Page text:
IMF: The road that should be taken

Crisis prevention measures in a new framework for financial stability

The string of financial crises in developing countries is the result of financial liberalisation policies promoted by the IMF and other institutions. In fact this is a deviation from the IMF’s original mission of promoting financial stability. The IMF should now change tack and encourage developing countries to protect themselves from the devastating effects of capital flows.

THE raison d’etre of the IMF at its creation and in the era of the Bretton Woods system is to ensure global financial stability. This arose from the recognition that left to itself the financial institutions, markets and players, can become a too-powerful force with the potential of destabilising the financial system itself as well as undermining the real economy.

The IMF’s implicit mission included taming and regulating global and national finance so that finance would serve the real sector objectives of growth, output, income and employment.

The original Post WW2 framework supported this function. It included a system  predominated by fixed exchange rates (which could be adjusted with IMF assistance when needed by objective conditions), BOP adjustment through country-IMF discussion when needed, limited crossborder financial flows, and the normality of national capital controls.

Policy was influenced by an understanding of the need for caution on the potential for instability, volatility and harm to the real economy that could be caused by unregulated finance and by speculative activity.

This regulatory system and the period of relative financial stability ended with the 1972 Smithsonian Agreement. Floating replaced fixed exchange rates, financial deregulation and liberalisation took off in the OECD countries, new financial instruments developed, there has been a massive explosion in crossborder short term capital flows and in speculative financial activity. 

There has also been the spread of capital liberalisation to developing countries, to which advice from developed countries and from the IMF contributed. These developments underlie the frequent occurrence of financial crises.  

The failure of the IMF and other international financial agencies to prevent such crises should be recognised as one of its major flaws, and this should be rectified. Indeed, the failure of the IMF in preventing the global financial system from going down the road of such rapid deregulation and liberalisation (with the consequences of currency instability, volatility of capital flows and financial speculation), and instead presiding over this road that was taken, is a major mistake. It also goes against the original role of the IMF to establish and maintain a stable financial order.

There needs to be a backtracking to the crossroads and take a new turning which is more true to the IMF’s original mission of establishing financial stability. That is the road of crisis prevention through establishment of greater stability through better understanding and regulation of capital flows and capital markets; and a more stable system of exchange rates (including among the major reserve currencies, and in the currencies of developing countries).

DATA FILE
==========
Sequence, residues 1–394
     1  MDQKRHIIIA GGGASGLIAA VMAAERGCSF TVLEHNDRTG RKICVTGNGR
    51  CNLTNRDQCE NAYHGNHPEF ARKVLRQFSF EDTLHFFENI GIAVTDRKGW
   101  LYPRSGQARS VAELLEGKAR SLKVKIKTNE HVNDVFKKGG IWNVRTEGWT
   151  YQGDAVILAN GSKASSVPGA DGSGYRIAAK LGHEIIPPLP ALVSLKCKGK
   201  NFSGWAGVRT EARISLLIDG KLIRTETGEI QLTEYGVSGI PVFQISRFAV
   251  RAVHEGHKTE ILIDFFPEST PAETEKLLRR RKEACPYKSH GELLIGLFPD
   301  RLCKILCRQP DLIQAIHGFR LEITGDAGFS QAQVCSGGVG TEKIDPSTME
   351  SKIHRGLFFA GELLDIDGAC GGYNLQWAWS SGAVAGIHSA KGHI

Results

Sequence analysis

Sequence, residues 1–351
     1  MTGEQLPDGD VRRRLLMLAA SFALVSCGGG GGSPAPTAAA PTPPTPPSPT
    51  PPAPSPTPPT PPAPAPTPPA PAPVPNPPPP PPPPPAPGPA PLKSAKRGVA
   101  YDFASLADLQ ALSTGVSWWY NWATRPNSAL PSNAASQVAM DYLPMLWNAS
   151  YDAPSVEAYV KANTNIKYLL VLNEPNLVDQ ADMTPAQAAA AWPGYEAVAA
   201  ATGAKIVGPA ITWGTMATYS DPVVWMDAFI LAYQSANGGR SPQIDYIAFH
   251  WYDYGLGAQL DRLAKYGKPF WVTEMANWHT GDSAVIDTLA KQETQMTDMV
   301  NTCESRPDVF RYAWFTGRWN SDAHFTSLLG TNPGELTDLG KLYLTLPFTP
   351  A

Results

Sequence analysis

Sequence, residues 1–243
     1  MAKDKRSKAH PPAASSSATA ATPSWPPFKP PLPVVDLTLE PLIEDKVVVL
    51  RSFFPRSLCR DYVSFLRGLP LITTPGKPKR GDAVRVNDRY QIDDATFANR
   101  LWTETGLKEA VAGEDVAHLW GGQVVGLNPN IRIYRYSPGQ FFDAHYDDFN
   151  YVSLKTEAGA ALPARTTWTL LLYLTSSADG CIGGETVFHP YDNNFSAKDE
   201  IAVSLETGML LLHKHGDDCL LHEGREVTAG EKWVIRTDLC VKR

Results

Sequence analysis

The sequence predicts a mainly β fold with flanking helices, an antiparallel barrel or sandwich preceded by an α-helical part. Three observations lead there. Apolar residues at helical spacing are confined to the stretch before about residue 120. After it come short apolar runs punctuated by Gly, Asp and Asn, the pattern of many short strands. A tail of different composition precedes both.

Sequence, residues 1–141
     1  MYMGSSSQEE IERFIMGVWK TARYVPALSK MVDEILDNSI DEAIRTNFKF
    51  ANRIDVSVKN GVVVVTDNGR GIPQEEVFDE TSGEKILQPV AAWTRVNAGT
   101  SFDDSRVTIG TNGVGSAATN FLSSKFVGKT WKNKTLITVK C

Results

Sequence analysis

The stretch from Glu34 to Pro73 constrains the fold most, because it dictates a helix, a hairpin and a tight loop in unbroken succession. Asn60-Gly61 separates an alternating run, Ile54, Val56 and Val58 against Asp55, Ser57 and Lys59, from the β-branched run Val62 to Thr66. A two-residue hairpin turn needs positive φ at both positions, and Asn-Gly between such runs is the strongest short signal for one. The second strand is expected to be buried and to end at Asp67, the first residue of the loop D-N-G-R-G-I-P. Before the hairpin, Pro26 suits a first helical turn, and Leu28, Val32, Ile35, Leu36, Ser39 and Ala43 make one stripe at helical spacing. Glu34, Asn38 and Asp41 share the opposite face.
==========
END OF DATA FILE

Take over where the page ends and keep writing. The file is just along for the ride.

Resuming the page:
There is need to understand capital markets and the role and methods of players like highly leveraged institutions (for example hedge funds) which are now non-transparent and unaccountable but have major impact on global and national finance and real economy.

Blind spot

There is need especially to curb manipulative financial activity. Recently the Fund’s Managing Director announced he had encouraged his staff to get knowledge of how capital markets work. This is a statement to be welcomed. It also implies the Fund’s previous and current lack of knowledge of capital markets. It is a serious blind spot for the world’s premier international financial institution to have. How could the Fund have given good advice on handling the recent financial crises arising from the workings of the capital markets when its knowledge of these markets was limited?

There is need to understand the behaviour and potential and real effects of various kinds of capital flows to developing countries Š including credit (to the public and private sectors), portfolio investment, foreign direct investment (and its varieties, such as mergers and acquisitions, Greenfield investment, and FDI that produces for the domestic or the foreign market). 

There is need to look at inflows and outflows arising from each, including the potential for volatility of each, and the effects, especially on reserves and the balance-of-payments. 

What are the implications for policy and what guidelines should be given? For example, when should (or should not) a government or company borrow in foreign currency?  Regulations and guidelines are needed because the market lacks a mechanism that can ensure appropriate outcomes.